required by the Wild Free-Roaming Horses and Burro Act of 1971. 
The Committee believes it's critical to balance the use of 
public rangelands for all wildlife and other multiple uses. The 
Committee is also deeply concerned about the rising costs 
associated with the wild horse and burro program and, despite 
the claims of the Bureau, does not believe that the latest 
course change will reduce costs. The Committee retains language 
prohibiting any funds from being used for the slaughter of wild 
horses and burros in Administrative Provisions and allows the 
Bureau to enter into long-term contracts for holding wild 
horses in the Title I General Provisions.
    Wildlife and Fisheries.--The Committee recommends 
$50,784,000 for wildlife and fisheries, $245,000 below the 
fiscal year 2011 enacted level and $457,000 above the budget 
request. The Committee's recommendation includes the $2,000,000 
increase for sage grouse habitat monitoring in the request. The 
Committee encourages the Bureau to use this and additional 
funding under the Management of Land and Resources activity to 
update and amend resource management plans as necessary to 
prevent the listing of the sage grouse. The Committee also 
directs the Bureau to work with the Fish and Wildlife Service 
on these plans.
    Threatened and Endangered Species.--The Committee 
recommends $21,668,000 for threatened and endangered species as 
requested, $491,000 below the fiscal year 2011 enacted level. 
The Committee encourages the Bureau to continue its efforts 
toward recovery of listed plant and animal species and to take 
conservation action on Bureau-managed lands and waters for at-
risk species and ecosystems so the need for listing is 
prevented.
    The Committee commends the Bureau's actions to date to 
conserve and increase populations of sage grouse. Numerous 
states have also taken action to conserve the sage grouse. The 
Committee notes that of the resource management plans with sage 
grouse habitat, 89 of 93 have measures to protect the specie.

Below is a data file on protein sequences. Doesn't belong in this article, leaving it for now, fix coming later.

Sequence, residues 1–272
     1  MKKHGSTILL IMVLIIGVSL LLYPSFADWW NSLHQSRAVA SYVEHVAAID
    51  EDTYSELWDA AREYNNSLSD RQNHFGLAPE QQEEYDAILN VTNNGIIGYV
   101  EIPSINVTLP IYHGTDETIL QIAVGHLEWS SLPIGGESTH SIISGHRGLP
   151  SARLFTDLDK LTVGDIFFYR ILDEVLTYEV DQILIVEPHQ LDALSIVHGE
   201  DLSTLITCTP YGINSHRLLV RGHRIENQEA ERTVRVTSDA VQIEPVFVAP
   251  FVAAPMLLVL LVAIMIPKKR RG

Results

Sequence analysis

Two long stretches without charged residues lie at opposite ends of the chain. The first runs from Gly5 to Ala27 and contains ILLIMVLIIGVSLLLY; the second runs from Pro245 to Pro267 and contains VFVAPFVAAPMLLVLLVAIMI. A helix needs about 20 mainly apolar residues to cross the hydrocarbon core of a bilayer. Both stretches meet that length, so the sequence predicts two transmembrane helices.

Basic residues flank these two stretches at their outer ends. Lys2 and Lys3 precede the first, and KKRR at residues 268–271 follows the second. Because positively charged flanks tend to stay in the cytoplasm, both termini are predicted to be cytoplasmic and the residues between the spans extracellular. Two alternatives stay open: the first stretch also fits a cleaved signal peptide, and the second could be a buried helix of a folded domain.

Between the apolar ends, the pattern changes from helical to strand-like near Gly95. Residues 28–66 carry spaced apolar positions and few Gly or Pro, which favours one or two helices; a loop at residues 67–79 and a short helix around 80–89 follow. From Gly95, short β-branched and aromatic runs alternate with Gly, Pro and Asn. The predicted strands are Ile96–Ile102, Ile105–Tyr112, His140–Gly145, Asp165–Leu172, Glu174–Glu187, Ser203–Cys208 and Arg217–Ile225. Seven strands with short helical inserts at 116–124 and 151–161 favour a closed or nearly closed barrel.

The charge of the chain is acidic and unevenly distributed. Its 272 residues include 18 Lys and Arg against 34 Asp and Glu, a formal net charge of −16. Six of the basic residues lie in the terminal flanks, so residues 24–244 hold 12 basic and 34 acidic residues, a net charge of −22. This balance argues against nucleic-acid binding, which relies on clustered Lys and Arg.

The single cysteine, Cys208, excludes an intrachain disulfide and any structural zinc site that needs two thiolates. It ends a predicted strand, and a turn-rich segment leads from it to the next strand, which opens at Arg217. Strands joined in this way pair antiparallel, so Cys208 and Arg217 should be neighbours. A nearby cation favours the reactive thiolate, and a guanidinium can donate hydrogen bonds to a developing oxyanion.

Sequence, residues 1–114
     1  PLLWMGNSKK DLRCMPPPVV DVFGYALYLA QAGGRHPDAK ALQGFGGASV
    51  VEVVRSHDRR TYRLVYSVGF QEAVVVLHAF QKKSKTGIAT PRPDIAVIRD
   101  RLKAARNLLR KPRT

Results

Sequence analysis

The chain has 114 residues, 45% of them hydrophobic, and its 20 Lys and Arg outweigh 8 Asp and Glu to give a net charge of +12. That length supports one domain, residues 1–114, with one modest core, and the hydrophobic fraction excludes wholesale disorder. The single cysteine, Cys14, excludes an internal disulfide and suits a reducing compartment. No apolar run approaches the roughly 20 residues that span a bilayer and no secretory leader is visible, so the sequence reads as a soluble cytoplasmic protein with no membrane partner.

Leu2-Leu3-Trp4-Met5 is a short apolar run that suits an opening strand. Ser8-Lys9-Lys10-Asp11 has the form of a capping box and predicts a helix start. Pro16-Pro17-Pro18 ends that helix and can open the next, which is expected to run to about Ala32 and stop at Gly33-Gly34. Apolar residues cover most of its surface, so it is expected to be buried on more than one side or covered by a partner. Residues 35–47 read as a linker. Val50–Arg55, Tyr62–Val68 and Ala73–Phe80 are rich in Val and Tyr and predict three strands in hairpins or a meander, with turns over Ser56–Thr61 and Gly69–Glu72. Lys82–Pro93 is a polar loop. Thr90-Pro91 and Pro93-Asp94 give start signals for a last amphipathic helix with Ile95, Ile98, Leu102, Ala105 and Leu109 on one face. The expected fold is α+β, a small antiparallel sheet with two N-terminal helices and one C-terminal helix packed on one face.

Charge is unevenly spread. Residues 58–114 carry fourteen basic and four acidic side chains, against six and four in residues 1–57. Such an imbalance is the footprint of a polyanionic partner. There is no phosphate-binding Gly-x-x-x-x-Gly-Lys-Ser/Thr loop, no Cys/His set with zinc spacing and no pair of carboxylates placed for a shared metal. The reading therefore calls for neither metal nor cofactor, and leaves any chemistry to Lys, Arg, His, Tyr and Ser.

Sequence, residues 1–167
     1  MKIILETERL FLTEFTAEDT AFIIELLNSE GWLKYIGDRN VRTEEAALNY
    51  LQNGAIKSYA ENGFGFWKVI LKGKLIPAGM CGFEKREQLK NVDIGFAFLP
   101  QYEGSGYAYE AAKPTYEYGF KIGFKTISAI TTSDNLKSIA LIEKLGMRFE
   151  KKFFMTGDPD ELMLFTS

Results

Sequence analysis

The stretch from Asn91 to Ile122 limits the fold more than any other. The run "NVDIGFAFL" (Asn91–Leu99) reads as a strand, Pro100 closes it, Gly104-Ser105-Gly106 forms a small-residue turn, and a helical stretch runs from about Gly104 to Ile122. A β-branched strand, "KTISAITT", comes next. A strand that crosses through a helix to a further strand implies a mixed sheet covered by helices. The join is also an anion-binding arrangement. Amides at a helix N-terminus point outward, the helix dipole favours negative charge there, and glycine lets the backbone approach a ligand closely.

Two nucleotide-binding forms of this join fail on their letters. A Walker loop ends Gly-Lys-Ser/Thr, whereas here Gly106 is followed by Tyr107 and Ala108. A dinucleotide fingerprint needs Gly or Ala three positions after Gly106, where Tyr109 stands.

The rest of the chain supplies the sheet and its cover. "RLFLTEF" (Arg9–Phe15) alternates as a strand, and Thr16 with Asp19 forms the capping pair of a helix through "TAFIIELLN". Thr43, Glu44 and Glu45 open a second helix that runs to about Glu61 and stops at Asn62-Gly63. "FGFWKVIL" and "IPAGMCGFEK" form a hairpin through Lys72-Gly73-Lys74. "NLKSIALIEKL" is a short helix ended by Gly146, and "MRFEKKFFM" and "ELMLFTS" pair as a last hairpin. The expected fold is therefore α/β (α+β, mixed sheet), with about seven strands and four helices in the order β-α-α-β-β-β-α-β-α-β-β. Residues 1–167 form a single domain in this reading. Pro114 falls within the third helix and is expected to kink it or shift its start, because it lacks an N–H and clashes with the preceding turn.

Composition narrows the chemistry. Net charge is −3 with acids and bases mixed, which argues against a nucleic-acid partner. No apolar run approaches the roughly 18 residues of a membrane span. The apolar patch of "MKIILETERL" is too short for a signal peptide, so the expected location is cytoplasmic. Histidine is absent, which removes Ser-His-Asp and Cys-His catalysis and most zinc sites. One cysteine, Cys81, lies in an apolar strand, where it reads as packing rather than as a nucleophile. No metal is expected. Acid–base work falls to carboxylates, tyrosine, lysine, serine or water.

To prevent listing, the Committee urges the Bureau to continue 
working with the Fish and Wildlife Service on plan amendments 
that provide regulatory measures to conserve the sage grouse. 
The Committee believes any plan amendments made to mitigate 
impacts on sage grouse must be science-based, allow for 
adaptive management and flexibility based on site specific 
information. Mitigation measures should be realistic and 
supported by science.
    Recreation Management.--The Committee recommends 
$67,574,000 for recreation management, $1,243,000 below the 
fiscal year 2011 enacted level and $9,183,000 below the budget 
request. The Committee recognizes the importance of recreation 
on Bureau lands and maintains fiscal year 2011 enacted levels 
for recreation resource management as funding from this sub-
activity contributes to the greatest amount of visitors on 
Bureau lands. The Committee is not opposed to the Secretary's 
America's Great Outdoors Initiative, but the current budget 
situation does not provide for the requested increases.
    Energy and Minerals.--The Committee recommends $111,786,000 
for energy and minerals and rejects the budget request proposal 
to impose new inspection fees on onshore oil and gas producers.
    The Committee is concerned by rising energy prices and 
believes domestic energy production must increase while also 
being mindful of the environment and other competing land uses. 
To aid in this effort, the Committee has recommended a 
$4,452,000 increase to oil and gas management and has funded 
renewable energy at $19,735,000 as requested.
    The Bureau manages 700 million acres of mineral estate, a 
large portion of the potential production in the United States, 
and will contribute $4.3 billion to the Treasury in onshore oil 
and gas royalties for fiscal year 2012. Currently, however, 
only four percent of the Bureau's mineral estate is leased for 
energy development. The Committee is concerned that the 
production of oil and gas on Federal lands has been hurt by the 
perception of tremendous regulatory uncertainty in operating on 
Federal lands. The Committee would remind the Bureau that when 
investment capital moves to non-federal lands that the result 
is a reduction in revenue over time to Federal and state 
treasuries. The Committee urges the Bureau to consider these 
factors in advance of future policy changes.
    The Committee is concerned about current and past 
collection and tracking of oil and gas production. According to 
the Government Accountability Office, Federal mineral 
management agencies rely on antiquated and faulty methods to 
track oil and gas production. The Committee encourages the 
Department to consider integrating systems that would allow for 
remote monitoring and third party verification of Bureau 
production reporting mechanisms. The Committee believes this 
approach is necessary to determine if better measurement 
technology can potentially reduce the size and scope of under-
reported royalty payments to the Federal government.